Contrary to its reputation as an independent state, Wyoming receives the sixth highest amount of federal financial aid of any state in the country -- almost 40 percent of state revenue -- according to the Tax Foundation.
Other states that rely heavily on federal aid are Louisiana, South Dakota and Tennessee. Tax economist Liz Malm says many states have higher numbers of people who qualify for federal programs such as Head Start and Medicaid. But Wyoming’s federal funding mostly comes from mineral royalties since over 40 percent of its lands are federally owned.
WILLOW BELDEN: In 2012, the tribes who share the Wind River Indian Reservation, the Eastern Shoshone and the Northern Arapaho Tribes, came to a settlement with the federal government for a mineral royalties mismanagement case dating back to the 1970’s. The federal government has finally released the money from the settlement, and tribal members on Wind River are anxiously awaiting their checks. Wyoming Public Radio’s Irina Zhorov joins us to talk about the settlement and what it means to the Wind River Community.
To start, could you tell us what this settlement is all about.
Long-awaited money from a settlement on the Wind River Indian Reservation in Wyoming is finally on its way.
The federal government is paying the tribes $157 million for underpayment of royalties on oil and gas development and improper management of royalties that were paid. Northern Arapaho spokesman Mark Howell says some people don’t have bank accounts and there were concerns they would not be able to cash their checks.
The Department of Interior’s oil and gas royalty program has been examined repeatedly in the past for weaknesses and high risk of mismanagement and a new Government Accountability Office study suggests more can be done to guarantee a fair return on extracted natural resources. The study says one of the biggest issues is that the DOI does not have set procedures for reviewing the royalty program.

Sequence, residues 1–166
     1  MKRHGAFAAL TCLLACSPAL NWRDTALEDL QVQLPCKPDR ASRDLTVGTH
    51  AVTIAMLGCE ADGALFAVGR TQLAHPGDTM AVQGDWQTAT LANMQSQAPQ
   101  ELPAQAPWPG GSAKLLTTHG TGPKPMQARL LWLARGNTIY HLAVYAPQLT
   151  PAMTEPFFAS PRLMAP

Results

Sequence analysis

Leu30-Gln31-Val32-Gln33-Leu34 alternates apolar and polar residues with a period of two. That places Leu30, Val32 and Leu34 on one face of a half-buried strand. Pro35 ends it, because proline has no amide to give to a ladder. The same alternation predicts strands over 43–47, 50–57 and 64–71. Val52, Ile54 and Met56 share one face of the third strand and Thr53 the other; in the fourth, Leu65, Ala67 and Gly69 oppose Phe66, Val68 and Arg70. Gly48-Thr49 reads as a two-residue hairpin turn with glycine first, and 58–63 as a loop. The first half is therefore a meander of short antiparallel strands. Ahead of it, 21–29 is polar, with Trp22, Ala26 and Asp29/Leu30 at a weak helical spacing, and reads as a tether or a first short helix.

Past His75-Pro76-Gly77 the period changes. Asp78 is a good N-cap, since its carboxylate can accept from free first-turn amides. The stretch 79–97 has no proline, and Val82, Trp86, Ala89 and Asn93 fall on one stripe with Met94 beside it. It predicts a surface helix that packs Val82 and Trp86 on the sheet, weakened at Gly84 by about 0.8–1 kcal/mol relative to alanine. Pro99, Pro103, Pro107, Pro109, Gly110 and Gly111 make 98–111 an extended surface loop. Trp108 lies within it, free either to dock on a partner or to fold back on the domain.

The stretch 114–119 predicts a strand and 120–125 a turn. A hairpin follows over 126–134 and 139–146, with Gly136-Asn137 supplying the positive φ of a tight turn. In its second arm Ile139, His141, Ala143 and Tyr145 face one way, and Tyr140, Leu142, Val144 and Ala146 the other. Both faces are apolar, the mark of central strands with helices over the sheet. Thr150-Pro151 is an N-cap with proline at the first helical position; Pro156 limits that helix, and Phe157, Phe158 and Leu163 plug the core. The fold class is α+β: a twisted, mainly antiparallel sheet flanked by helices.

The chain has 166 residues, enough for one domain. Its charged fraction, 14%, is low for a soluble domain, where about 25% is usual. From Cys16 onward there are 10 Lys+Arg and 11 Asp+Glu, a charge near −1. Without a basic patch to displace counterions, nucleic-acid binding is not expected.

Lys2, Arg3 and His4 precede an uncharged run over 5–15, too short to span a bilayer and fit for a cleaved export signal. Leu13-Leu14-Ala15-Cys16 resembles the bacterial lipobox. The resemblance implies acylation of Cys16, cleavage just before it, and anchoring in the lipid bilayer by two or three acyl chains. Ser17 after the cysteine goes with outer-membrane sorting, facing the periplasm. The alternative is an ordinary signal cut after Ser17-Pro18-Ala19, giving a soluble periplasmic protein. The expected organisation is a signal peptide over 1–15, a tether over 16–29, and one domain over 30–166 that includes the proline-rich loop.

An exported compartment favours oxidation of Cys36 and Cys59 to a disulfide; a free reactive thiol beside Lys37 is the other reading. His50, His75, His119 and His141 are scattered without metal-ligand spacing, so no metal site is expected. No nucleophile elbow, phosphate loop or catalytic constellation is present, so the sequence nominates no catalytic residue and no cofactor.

The federal royalty rate for trona was recently reduced from 6-percent to 4%. Industry has been pushing for royalty reductions for over a decade. But Powder River Basin Resource Council’s Jill Morrison says if anything, the royalty should be increased.
“Our position has always been that minerals are a finite resource. Once they’re removed they’re gone and we have that one chance to tax those minerals and get that fair market value because that’s what’s going to help balance our budget, both at the state and national level,” says Morrison.
The federal government will pay back mineral royalties that it withheld from states under the across-the-board budget cuts known as sequestration.
When sequestration went into effect earlier this year, the Department of the Interior started withholding 5 percent of states' share of the royalties, which are paid on resources like coal and oil extracted from federal lands. For Wyoming, that's amounted to more than $40 million.
On Monday, DOI announced that after a legal review, it's giving the money back.
A lawsuit filed by Tripower Resources says the energy company is not responsible for about $885,000 in back taxes from 2008 to 2010. Tripower says it did not own the wells from which these production taxes accumulated during the time period in question. But Campbell, Crook, and Converse Counties have listed the company as tax-delinquent. They’re applying taxes from current production to the owed back-taxes. Converse County treasurer Joel Schell says, according to statute, the current owner is responsible for any unpaid taxes.
Wyoming is scheduled to lose 53 million dollars in federal mineral royalties this summer along with other federal dollars due to the sequester.
Governor Matt Mead says higher than expected gas prices and other earnings will allow the state to overcome that loss of revenue. But during a news conference with reporters, Mead said that he will be worried if these federal cuts continue.